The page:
George and Stephenson were the only play-makers on this roster last season. They are both gone. Hill and Miles are both shooters. Stuckey is an average creator. Where will the offense come from with this group?
Defense is what brought the Pacers to the dance. That should still be fine, although George was First-Team, All-Defensive last season and Second-Team the season before. Stephenson wasn't shabby either.
If we take our time machine even further back, at the start of last season, not only did the Pacers have those pieces in place, but they were considered building blocks.
George, Hibbert and Stephenson were emerging perennial All-Stars, although Stephenson was a bit of a surprise. Hill was still a young combo guard with excellent defensive credentials and the Pacers gave the Heat everything they could handle in the 2013 Eastern Conference Finals.
Now, George is hurt, Hibbert stinks, Hill can't lead a team to a title and West will be done after his contract ends. When this version of the Pacers ends its season, they'll be lucky to be the eighth seed.
Should that be a goal? Mediocrity in the NBA is a death sentence. There is no way to improve as the eighth seed in the Eastern Conference. The Philadelphia 76rs used to be that and they tried to stink so badly, the league is changing rules because of it.
The Pacers aren't doomed long-term, so long as George returns healthy for the 2015-16 season. He's an elite, top-10 player in the sport. However, there is not a lot to love for the future of the organization past that.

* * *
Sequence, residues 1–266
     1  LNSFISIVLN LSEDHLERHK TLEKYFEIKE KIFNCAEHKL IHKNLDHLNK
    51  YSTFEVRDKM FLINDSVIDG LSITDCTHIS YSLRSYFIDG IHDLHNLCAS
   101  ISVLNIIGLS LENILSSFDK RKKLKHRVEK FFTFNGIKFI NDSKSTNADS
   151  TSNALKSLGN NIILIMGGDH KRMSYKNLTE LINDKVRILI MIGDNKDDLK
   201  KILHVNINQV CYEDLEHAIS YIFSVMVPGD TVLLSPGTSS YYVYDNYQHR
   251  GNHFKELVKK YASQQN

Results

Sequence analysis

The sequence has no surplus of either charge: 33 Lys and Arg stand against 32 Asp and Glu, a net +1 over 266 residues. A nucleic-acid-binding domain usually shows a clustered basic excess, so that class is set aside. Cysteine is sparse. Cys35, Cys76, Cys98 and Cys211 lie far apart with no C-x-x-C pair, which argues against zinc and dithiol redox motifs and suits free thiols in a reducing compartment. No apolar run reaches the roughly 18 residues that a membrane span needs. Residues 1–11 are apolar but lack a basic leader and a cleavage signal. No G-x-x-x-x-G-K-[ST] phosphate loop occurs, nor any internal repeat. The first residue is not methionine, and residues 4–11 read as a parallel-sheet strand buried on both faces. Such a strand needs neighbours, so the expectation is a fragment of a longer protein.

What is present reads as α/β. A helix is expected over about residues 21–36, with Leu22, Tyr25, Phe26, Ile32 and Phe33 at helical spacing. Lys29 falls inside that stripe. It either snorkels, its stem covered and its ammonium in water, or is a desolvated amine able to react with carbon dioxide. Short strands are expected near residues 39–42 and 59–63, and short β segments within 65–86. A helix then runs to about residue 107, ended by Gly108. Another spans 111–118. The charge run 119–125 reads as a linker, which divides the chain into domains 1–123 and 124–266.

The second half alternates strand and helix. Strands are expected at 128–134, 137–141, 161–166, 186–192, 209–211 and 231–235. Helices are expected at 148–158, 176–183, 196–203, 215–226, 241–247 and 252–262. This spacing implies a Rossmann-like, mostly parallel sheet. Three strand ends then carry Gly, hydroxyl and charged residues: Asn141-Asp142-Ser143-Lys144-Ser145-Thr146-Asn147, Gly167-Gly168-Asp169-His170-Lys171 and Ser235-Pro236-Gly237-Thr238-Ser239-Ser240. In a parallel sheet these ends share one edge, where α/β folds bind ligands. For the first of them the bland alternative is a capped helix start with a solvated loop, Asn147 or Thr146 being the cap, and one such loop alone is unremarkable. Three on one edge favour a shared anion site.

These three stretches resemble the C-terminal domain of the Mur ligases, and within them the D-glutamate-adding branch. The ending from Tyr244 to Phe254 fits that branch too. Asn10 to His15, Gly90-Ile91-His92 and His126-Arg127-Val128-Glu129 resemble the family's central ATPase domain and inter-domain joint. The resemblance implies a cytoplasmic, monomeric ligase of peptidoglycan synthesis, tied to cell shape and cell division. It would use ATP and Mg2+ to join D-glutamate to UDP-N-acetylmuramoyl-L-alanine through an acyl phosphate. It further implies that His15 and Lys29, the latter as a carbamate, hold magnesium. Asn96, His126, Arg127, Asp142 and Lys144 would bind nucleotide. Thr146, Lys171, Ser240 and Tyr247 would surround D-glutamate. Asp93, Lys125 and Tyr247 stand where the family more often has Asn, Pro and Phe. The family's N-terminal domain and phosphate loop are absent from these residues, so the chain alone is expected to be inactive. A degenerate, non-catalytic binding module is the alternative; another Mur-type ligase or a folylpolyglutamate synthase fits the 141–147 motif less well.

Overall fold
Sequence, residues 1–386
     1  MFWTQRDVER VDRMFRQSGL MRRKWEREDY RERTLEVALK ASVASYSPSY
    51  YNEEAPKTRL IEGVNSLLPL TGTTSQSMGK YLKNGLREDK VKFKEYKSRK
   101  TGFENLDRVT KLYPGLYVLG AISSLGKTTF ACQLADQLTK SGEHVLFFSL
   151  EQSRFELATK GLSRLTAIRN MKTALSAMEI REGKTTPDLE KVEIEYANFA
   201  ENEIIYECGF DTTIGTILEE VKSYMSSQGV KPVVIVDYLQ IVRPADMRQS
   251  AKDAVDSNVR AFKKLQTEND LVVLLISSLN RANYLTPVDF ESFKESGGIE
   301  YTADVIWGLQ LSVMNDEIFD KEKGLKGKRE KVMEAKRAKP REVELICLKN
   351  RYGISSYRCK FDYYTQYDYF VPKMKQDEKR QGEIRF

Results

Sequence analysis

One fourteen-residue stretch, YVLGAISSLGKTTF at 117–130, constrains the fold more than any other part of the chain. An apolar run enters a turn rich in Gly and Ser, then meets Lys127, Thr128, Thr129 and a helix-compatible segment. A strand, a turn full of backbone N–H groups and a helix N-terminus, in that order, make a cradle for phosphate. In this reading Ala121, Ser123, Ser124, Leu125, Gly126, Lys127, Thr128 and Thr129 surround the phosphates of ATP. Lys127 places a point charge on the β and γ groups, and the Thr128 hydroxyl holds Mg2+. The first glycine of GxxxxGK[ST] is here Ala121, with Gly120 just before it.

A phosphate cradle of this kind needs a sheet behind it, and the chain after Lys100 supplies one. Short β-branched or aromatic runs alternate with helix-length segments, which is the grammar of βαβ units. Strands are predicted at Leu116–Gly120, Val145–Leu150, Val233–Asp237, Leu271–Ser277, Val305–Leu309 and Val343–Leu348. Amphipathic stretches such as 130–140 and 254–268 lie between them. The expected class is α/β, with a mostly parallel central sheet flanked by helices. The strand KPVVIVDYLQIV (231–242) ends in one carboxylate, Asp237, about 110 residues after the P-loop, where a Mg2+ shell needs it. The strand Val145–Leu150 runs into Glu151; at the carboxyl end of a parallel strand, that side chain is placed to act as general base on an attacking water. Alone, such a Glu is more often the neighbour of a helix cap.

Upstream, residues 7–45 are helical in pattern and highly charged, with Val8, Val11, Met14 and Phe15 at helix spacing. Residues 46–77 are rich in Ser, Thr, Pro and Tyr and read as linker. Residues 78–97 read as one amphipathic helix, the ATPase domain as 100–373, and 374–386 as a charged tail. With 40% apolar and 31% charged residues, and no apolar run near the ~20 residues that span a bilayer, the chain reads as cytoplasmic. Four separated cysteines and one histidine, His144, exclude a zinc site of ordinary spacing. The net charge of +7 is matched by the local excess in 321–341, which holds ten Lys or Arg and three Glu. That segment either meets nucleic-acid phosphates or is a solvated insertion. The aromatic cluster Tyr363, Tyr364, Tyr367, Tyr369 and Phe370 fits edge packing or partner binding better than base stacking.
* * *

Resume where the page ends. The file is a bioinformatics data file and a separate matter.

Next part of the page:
West is 33 and has a $12 million player option for the '15-16 campaign. Who knows what will happen with Hibbert. It's too early to give up on him as a player based on two crappy months, but he's the Pacers' only movable asset. He's scheduled to make a little over $30 million the next two seasons, although the last is a player option. Hill has three more years left on his deal.
To compound matters further, the Pacers have not drafted well recently.
Plus, the Cavs improved and if Rose is ready, the Chicago Bulls could be a force. Those are two teams in the Pacers' own division, let alone conference, who were clearly better and that was before Indy's best player went down.
And, James, Kevin Love, Rose and Joakim Noah are still in either the prime of their careers, or the infancy of the prime of their careers, so both should be around the top for a while.
This Indiana group is done in the spotlight. They'd have been up there to some extent if the freak Las Vegas injury didn't occur. It's unfortunate they played in the same conference as LeBron's Miami Big Three, but that's life in the big, bad, cruel world.
This was something of a throwback group. They played physical defense and when they moved the ball, they created open jump shots. When they didn't move the ball, they turned it over and stunk.
No one in Indiana will admit it's over. The Pacers people can't because, sadly, a playoff spot is still realistic.
"Obviously, some teams on paper look to be on top," said Vogel. "We have a winning culture here. I think we're going to surprise some teams. I think those fans that think the season is over are wrong."
I say they're right, the season is over. I say it's actually worse. I don't think it's a one-year, freak-injury bug. It's much worse.